Presentation on theme: "British English v.s. American English. “Let’s grab a jumper, throw the Esky in the boot, and hit the frog and toad.” Would you know what they were talking."— Presentation transcript:
British English v.s. American English
“Let’s grab a jumper, throw the Esky in the boot, and hit the frog and toad.” Would you know what they were talking about?
British English v.s. American English Australian: If someone told you, “Let’s grab a jumper 【英】 ( 套頭式的 ) 毛線衣, throw the Esky 攜帶式冰盒 ( 源自澳洲商標名 Eskimo) in the boot 【英】 ( 汽車後部的 ) 行李箱, and hit the frog and toad,” USA: “Let’s grab a sweater, throw the cooler in the trunk, and hit the road!”
British English v.s. American English The Queen’s English After setting in North America, British colonists’ English began to change. Many of the changes can be attributed to Noah Webster, who wrote a dictionary with spellings based on the simplest possible pronunciation of words and his own personal choices. British English: “at the weekend ” Americans :“on the weekend.” Modern inventions and innovations also played their part in shaping American English, as popular brand names such as “Kleenex,” “Band-Aid,” and “Frisbee” have become part of the vocabulary.
British English v.s. American English British Empire: Australia and New Zealand, India, Hong Kong, Singapore, South Africa, and the Caribbean. Canadian English is usually British in its spelling, but many of the pronunciations and usages are strongly influenced by French and by Canada’s American neighbors to the south. a friendly smile is part of universal language.
bathroom British English room containing a bath (US: bathtub) or shower, other washing facilities, and usu. (but not necessarily) a toiletbathtubtoilet In Britain, Australia, Hong Kong (as "toilets"), Singapore (as "toilet") and New Zealand, the terms in use are "public toilet", "public lavatory" and more informally, "public loo".Hong KongSingapore In non-English speaking Europe, either the local translation of "toilet" (for example "toilette" in French), or "WC" (abbreviation for "water closet") are common. In Germany, toilets in buildings such as hotels are often labelled with the room number "00". In the rest of the world (usually Africa, Middle East, and Southeast Asia) "toilet" is used.Middle East Southeast Asia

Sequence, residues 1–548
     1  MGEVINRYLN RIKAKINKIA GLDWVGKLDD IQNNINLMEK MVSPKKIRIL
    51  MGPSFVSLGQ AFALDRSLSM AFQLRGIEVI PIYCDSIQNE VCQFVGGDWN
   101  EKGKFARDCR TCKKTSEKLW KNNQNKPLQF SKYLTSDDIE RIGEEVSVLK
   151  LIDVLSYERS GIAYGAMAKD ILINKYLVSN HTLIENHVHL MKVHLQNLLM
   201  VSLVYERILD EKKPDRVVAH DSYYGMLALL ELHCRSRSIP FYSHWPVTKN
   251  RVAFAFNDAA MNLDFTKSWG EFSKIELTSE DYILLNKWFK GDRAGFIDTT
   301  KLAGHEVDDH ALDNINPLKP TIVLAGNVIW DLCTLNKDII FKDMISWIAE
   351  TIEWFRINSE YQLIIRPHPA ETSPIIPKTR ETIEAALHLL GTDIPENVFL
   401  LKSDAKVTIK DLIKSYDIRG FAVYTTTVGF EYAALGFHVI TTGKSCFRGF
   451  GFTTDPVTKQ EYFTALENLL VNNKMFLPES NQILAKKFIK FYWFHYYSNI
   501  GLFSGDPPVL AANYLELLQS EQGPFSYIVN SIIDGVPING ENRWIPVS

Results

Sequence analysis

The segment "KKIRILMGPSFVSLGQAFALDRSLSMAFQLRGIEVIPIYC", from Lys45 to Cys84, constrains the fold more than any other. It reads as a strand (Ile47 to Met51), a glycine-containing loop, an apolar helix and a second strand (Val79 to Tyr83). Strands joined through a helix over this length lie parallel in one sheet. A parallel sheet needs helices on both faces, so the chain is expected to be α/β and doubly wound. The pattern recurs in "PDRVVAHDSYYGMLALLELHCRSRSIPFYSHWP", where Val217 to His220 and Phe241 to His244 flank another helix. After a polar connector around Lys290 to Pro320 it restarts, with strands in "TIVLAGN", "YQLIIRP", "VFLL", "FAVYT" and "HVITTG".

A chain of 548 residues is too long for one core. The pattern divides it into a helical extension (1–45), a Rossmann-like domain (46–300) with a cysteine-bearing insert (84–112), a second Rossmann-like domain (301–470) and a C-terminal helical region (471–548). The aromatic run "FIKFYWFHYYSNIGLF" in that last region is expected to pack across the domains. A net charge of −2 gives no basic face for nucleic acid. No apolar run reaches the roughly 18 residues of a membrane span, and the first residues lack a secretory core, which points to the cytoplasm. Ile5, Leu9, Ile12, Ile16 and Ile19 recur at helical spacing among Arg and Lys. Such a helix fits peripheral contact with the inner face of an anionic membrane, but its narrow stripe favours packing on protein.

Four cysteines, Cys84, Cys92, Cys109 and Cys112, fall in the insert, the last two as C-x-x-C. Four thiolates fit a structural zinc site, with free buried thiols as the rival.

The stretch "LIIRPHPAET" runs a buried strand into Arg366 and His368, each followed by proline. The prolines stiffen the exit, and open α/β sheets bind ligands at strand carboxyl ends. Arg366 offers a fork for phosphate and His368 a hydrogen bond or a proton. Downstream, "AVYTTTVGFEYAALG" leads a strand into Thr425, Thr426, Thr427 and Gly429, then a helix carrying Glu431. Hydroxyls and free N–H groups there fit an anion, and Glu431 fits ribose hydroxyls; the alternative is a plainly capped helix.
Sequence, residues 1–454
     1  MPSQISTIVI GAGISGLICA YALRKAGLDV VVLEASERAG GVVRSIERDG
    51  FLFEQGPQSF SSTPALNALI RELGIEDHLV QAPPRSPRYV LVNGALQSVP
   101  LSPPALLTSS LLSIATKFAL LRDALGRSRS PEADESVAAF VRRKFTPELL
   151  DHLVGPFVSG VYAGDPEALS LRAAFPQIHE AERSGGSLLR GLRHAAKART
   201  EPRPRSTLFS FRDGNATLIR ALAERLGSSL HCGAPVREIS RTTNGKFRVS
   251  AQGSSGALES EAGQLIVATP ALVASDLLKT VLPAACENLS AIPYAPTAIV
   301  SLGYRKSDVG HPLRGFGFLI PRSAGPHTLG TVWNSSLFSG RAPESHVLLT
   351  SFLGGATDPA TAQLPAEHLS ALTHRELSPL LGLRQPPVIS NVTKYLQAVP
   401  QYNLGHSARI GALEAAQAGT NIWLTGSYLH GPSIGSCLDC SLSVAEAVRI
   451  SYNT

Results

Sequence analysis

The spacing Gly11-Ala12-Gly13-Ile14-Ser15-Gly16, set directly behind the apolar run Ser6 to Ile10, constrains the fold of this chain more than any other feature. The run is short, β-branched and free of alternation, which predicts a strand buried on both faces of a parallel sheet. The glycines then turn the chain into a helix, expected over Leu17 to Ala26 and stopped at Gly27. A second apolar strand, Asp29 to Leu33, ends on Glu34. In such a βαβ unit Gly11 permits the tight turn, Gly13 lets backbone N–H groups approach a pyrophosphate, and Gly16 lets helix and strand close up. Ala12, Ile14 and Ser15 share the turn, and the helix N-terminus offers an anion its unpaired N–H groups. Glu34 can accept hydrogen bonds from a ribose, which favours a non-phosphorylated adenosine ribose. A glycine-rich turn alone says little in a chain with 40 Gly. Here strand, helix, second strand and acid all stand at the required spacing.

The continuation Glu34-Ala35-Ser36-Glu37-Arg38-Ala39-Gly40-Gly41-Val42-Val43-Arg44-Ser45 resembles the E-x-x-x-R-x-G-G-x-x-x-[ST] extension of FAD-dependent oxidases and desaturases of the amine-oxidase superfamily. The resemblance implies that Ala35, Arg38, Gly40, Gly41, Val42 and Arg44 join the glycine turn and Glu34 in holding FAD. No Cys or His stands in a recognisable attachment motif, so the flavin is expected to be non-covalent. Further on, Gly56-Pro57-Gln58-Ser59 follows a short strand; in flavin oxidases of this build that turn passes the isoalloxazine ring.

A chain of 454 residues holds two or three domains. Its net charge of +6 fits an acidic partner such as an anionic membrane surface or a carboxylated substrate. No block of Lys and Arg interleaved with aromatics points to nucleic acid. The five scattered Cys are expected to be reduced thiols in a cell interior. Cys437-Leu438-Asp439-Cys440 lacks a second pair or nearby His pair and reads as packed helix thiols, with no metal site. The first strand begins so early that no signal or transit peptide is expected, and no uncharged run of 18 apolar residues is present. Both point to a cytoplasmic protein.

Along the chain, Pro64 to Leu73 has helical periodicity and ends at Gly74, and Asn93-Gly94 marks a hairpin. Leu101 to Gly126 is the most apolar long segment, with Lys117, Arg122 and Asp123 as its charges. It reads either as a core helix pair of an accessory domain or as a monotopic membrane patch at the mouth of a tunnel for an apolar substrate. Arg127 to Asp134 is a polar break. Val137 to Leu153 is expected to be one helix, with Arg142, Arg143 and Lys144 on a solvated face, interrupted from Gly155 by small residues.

bathroom American English room, in a home or hotel room, containing a toilet, related washing facilities, and often, but not necessarily, a shower or bathtub (Hence "Going to the bathroom" is a euphemism for going to the toilet even in a setting where one would not expect to find a bath, e.g. a restaurant or shop *) (a room without shower or bathtub may also be known as a powder room, but this usage may be considered dated)toiletshowerbathtub The word "restroom" originated in the United States, but "bathroom" is now more commonly used. Some Americans prefer "restroom" over "bathroom" because public restrooms rarely have bathtubsbathtubs
British English v.s. American English AmericanBritish sidewalkpavement mailboxpostbox fallautumn cookiebiscuit dessertsweet elevatorlift drugstorechemist’s moviefilm pantstrousers photo chipsphoto crisps Vacuum cleanerhoover
British English v.s. American English AmericanBritish sweaterJumper, pullover, sweater sneakersgym-shoes, tennis-shoes semesterterm rest roompublic toilet scheduletimetable diapernappy sidewalkpavement garbagerubbish eraserrubber
Spelling differences American English: flavor, honor, analyze etc. British English: flavour, honour, analyse etc.